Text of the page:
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Pelham's Recca Hosts Cystic Fibrosis Fundraiser

PELHAM, N.Y. – Lifelong Pelham resident and new school board member Michael Recca is honoring the memory of his friend and raising funds for the Cystic Fibrosis Foundation through the Second Annual StrikeOUT CF Big Bat Bopper Baseball Tournament on Saturday at Pelham Memorial High School.

Aaron Rossman, Recca's friend and classmate, passed away in 2010 from the lung disease. The Big Bat Bopper Baseball tourney was chosen to memorialize Rossman because it was his favorite activity in physical education class.

“It is unique to the community. It was invented here," said Recca. "... Every organization hosts softball, golf, and running events to raise money. This will be an opportunity to host an event that is one of its kind.”

Recca said he felt that the tournament was the perfect idea because “students and alumni could play a game that everyone loved and it would be a memorable fundraiser.”

Big Bat Bopper Baseball is a combination of baseball, kickball and cricket. Players use a cricket bat to hit a bouncing rubber ball and circle four bases, which are positioned in the corners of the gymnasium, twice before touching the pitcher's mound to score a run, according to the rules. Each 12 to 16-member team is given three outs and the games last 12 minutes.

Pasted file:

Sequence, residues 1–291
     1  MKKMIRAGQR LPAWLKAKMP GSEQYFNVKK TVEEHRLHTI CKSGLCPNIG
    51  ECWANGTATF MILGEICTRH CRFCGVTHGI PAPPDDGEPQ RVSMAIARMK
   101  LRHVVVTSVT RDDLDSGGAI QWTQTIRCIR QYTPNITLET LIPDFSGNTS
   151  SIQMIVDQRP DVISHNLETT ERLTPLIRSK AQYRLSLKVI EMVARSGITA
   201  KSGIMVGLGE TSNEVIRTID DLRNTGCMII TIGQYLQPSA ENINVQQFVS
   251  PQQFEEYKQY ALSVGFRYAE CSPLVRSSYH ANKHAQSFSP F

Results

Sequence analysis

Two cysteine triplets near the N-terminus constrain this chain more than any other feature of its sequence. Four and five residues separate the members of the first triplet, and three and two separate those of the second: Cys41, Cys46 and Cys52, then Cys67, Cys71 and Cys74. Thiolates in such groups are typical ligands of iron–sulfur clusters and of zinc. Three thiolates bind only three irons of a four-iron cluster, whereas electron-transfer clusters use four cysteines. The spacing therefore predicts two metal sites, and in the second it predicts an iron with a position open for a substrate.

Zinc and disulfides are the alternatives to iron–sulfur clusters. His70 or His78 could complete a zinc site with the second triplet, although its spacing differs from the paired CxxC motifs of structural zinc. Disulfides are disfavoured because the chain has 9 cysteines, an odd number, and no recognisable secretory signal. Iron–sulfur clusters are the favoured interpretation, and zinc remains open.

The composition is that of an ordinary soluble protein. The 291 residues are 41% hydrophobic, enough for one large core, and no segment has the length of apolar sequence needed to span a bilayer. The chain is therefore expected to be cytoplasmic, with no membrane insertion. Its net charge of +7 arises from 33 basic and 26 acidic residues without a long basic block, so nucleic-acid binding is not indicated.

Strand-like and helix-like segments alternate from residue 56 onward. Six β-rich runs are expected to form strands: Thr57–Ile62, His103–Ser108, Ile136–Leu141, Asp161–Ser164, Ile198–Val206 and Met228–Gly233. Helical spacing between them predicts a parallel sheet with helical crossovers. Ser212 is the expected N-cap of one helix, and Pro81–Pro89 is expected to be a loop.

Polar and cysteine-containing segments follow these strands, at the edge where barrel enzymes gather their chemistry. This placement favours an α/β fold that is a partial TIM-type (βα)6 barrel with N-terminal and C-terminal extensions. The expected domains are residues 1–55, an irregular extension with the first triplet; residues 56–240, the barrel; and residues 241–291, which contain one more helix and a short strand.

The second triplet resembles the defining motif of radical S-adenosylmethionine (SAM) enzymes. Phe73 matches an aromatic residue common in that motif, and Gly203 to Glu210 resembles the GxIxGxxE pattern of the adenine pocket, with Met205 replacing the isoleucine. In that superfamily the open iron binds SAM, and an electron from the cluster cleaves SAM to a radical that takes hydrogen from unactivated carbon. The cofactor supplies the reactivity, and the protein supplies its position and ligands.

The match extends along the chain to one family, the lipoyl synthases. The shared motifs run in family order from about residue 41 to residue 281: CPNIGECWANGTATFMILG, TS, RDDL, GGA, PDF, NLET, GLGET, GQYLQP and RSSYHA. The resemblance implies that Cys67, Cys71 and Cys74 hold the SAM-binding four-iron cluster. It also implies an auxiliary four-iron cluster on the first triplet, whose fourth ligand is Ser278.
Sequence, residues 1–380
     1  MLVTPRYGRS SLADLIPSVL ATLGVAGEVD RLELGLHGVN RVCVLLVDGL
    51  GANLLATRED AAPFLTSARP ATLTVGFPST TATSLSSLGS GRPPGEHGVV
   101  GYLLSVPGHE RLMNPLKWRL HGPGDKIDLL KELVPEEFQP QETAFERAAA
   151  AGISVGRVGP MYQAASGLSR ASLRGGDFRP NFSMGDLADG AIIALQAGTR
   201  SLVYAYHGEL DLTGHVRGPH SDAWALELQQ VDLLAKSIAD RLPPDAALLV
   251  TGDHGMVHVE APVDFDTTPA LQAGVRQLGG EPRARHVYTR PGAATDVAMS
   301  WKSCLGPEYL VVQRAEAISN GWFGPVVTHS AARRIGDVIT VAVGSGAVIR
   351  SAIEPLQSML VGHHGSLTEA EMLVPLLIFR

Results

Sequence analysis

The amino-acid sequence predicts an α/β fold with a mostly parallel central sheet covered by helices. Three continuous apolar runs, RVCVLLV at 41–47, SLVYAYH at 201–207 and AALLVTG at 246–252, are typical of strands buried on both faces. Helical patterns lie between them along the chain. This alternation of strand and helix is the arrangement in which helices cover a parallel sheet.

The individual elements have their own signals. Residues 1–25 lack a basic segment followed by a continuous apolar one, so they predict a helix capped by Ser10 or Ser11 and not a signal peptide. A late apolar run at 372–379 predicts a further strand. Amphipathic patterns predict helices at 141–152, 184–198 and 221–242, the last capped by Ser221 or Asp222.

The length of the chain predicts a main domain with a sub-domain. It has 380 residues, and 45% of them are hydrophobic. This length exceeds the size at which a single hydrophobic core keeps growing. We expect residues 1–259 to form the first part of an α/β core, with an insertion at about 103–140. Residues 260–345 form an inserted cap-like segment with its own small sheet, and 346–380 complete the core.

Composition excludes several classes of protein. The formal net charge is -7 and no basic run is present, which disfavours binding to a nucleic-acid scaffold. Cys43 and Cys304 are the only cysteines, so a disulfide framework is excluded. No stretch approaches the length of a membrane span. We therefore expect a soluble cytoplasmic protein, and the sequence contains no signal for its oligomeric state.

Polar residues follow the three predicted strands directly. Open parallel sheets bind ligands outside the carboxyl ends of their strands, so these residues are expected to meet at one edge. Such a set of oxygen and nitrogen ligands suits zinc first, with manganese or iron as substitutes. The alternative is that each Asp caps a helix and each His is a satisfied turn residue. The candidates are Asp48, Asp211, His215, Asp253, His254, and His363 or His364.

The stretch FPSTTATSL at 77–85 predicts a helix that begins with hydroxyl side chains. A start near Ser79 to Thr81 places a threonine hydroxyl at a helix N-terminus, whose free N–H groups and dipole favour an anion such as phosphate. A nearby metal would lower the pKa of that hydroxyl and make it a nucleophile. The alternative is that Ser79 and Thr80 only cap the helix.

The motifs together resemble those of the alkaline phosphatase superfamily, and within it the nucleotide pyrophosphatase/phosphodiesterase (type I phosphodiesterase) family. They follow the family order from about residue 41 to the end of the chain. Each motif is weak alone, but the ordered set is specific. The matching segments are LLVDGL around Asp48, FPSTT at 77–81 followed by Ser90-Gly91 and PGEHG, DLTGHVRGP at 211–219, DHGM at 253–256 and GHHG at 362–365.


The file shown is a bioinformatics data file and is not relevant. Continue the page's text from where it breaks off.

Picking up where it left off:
The cost per team is $350, about $20 to $25 a person depending on how many team members there are, and high school students pay $15. The tournament was a hit last year as 23 teams comprising 325 athletes helped raise a total of $50,000, with the balnce coming from 500 people who donated to the cause, Recca said.

As of June 6, Recca had raised $23,000 in online contributions plus another $2,000 in checks, which will go to the Cystic Fibrosis Foundation. He said the best part “is seeing so many members come out and support a cause.”

The Pelham Memorial graduate “absolutely” believes that “with continued research and money,” a cure can be found for cystic fibrosis. For the time being, he is glad to see the progress that has been made, including the development of a drug called Kalydeco.

“Kalydeco is the first drug to treat the underlying cause of CF,” said Recca. “In 1989, they discovered the CF gene, now they have a drug that is significantly improving lung function. Additionally, life expectancy has increased nearly three-fold and there are many more CF adults than in the past.”

The event starts at 9 a.m. in the Pelham Memorial auditorium, 575 Colonial Ave.

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